3. Develop interoperability standards The Bureau recommends that these standards should be developed, enforced and operated by an independent organization, in line with international standards and allowing flexibility to develop follow-up innovations.

Part 2 – Improving healthcare through pro-competitive procurement policy

As public entities are the major purchasers of healthcare products and services in Canada, public procurement rules play a key role in determining who can compete for government contracts, thus driving demand-side competition and innovation in Canada’s digital healthcare sector. The office’s second report focuses on how strategic use of government procurement rules can lead to greater competition, innovation, and choice for healthcare providers and patients. In particular, the report emphasizes the role played by small and medium enterprises (“SMEs”).Small and medium-sized companies”) in driving innovation and the need for a public procurement process that facilitates opportunities for these companies. Through its consultations, the Office identified six barriers to competition in the public procurement process:

  1. Health care is under the jurisdiction of the provinces and territories, while the federal government is under the jurisdiction of the states Canadian Health Act, identifies national principles that are reflected in health care plans at the provincial and territorial levels. This creates a fragmented procurement structure of 14 different jurisdictions, each with different priorities, laws, regulatory powers, and levels of centralization.
  2. Too strict or incorrectly defined RFP requirements can eliminate potential bidders, especially SMEs, who can offer innovative solutions.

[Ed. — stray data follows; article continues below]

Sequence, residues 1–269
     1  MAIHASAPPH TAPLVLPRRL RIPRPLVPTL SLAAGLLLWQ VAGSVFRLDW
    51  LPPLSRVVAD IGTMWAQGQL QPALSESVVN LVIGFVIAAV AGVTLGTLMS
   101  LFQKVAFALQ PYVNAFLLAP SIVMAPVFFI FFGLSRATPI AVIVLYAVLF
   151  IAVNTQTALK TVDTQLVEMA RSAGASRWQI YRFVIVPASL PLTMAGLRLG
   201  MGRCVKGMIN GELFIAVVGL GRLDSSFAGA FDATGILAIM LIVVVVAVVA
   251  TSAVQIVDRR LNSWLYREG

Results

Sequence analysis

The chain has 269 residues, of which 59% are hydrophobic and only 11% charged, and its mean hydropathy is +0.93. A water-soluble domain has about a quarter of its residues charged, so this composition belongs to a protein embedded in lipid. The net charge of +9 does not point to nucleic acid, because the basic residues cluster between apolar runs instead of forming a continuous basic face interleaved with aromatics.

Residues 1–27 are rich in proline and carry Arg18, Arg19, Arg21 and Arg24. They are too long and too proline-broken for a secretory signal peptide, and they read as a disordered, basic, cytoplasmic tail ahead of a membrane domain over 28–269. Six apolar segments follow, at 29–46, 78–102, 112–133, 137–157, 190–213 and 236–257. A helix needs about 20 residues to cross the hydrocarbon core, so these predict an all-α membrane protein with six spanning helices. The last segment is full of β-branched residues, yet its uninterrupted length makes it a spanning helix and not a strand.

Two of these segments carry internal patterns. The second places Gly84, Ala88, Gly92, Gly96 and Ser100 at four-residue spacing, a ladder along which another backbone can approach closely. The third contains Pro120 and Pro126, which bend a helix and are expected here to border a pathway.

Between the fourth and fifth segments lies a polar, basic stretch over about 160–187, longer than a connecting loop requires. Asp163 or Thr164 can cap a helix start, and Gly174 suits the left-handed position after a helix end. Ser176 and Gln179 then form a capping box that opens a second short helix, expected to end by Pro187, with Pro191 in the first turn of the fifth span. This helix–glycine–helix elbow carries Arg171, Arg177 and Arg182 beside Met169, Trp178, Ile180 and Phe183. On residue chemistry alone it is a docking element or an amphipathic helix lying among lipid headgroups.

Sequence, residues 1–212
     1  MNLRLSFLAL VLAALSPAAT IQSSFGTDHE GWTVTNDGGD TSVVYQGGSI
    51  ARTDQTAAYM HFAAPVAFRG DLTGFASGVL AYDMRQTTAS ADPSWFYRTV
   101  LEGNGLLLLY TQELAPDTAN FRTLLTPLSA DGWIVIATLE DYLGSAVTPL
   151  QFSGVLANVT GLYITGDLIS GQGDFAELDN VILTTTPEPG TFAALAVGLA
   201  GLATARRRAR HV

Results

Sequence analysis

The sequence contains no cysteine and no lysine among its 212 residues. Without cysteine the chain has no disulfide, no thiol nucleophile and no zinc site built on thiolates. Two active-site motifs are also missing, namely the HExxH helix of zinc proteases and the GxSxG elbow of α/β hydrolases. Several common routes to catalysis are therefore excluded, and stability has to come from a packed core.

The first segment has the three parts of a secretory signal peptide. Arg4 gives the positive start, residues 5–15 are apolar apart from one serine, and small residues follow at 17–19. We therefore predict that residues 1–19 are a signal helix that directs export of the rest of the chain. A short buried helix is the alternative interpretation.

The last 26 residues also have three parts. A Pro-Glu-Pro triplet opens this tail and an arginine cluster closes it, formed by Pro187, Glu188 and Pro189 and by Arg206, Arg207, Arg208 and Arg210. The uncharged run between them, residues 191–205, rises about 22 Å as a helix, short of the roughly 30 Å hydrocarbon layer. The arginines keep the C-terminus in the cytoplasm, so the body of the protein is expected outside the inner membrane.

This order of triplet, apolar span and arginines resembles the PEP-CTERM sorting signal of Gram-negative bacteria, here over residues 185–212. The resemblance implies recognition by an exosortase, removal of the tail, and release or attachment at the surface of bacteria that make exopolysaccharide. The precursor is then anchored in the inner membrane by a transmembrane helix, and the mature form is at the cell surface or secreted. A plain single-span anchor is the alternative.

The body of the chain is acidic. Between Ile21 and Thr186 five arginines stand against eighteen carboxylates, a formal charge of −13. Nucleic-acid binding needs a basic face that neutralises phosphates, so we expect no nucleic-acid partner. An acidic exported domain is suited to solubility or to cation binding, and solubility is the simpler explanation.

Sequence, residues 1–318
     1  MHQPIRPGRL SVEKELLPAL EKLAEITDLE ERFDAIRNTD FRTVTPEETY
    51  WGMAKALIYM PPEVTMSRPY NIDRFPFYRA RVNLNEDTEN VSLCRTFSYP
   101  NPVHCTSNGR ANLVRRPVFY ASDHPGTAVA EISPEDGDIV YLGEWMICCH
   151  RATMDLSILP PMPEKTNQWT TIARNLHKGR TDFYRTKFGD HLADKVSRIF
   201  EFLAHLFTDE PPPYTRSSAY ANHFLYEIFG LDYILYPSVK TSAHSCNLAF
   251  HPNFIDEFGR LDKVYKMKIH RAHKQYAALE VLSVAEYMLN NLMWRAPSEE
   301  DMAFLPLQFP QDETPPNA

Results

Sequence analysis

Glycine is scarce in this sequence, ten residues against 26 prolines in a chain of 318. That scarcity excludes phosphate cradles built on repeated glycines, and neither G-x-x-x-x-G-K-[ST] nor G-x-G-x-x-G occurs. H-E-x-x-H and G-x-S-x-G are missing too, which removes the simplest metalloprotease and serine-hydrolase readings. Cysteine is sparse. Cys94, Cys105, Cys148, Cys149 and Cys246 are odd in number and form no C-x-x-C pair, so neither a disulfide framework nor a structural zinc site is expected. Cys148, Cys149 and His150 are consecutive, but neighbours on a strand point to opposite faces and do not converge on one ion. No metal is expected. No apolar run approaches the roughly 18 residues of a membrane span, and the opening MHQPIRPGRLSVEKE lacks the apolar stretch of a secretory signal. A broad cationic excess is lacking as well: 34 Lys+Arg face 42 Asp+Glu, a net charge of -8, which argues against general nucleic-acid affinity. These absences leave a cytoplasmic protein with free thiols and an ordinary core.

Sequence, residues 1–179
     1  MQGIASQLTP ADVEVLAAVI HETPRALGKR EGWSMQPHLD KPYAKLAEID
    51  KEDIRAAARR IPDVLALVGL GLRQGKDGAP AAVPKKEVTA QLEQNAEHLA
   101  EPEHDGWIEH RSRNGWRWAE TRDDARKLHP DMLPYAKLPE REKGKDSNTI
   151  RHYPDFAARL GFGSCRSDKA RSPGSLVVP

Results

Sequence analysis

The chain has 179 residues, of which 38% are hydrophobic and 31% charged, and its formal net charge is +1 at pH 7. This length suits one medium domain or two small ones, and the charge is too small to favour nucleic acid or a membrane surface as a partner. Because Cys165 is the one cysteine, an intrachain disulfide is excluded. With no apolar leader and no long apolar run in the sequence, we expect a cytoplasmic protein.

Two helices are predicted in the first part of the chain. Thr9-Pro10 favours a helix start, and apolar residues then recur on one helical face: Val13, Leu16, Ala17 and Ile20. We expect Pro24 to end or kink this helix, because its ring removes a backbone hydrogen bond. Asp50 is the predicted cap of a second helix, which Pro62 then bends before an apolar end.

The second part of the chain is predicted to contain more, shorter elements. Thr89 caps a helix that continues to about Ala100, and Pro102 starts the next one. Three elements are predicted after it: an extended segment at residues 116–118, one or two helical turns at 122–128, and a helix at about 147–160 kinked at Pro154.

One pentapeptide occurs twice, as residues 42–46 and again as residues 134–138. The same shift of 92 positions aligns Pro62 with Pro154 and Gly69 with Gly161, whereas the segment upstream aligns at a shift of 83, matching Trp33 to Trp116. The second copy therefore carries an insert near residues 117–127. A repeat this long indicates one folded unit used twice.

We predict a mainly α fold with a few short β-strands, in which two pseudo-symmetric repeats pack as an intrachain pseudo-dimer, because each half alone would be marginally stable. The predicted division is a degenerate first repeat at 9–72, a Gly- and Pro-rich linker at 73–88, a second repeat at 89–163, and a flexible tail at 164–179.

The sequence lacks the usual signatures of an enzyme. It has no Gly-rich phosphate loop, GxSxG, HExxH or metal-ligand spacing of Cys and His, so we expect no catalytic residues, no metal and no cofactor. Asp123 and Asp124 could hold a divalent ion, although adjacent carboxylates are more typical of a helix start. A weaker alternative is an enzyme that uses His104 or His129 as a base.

3. Focusing on price over value, quality, or results can discourage innovators and small and medium-sized businesses who often cannot match the low prices offered by larger companies.
  4. Risk avoidance can favor existing or known systems and vendors over new or innovative solutions.
  5. The rate of innovation can outpace public procurement cycles, which means that products and services can become obsolete by the time the procurement process is completed. Lengthy procurement processes can also delay return on investment for innovators, affecting product development further.
  6. Excessively prescriptive policies (for example, requiring the use of a particular product or vendor) can drive potential innovators out of the market and remove pro-competitive effects.

To address these barriers and promote competition and innovation through procurement policies, the Bureau recommends the following:

  1. Creation of a National Innovative Procurement Center of Expertise to create a Canadian roadmap for implementing innovative procurement.
  2. Public buyers self-assess their practices and remove any barriers in order to favor competition, such as concern for the full life cycle of a product or service, how changes in technology may affect current and future needs, and any switching requirements between vendors.
  3. Supporting innovation-friendly procurement processes including (i) the use of functional rather than technical requirements to allow vendors to compete on ways to achieve desired outcomes, (ii) the reduction of red tape to facilitate effective SME participation, and (iii) the use of flexible award criteria that considerate of quality and price.

next steps

To complete the digital healthcare market study, a third and final report is expected to be published in the coming months. The final report is likely to cover some common themes that arose from the Bureau’s consultations with stakeholders and that were not fully addressed in the first two reports, including compensation for healthcare providers, policies that limit the expansion and delivery of digital healthcare products and services, and enhancing access and capacity. On affordability and literacy regarding digital solutions and patient protection.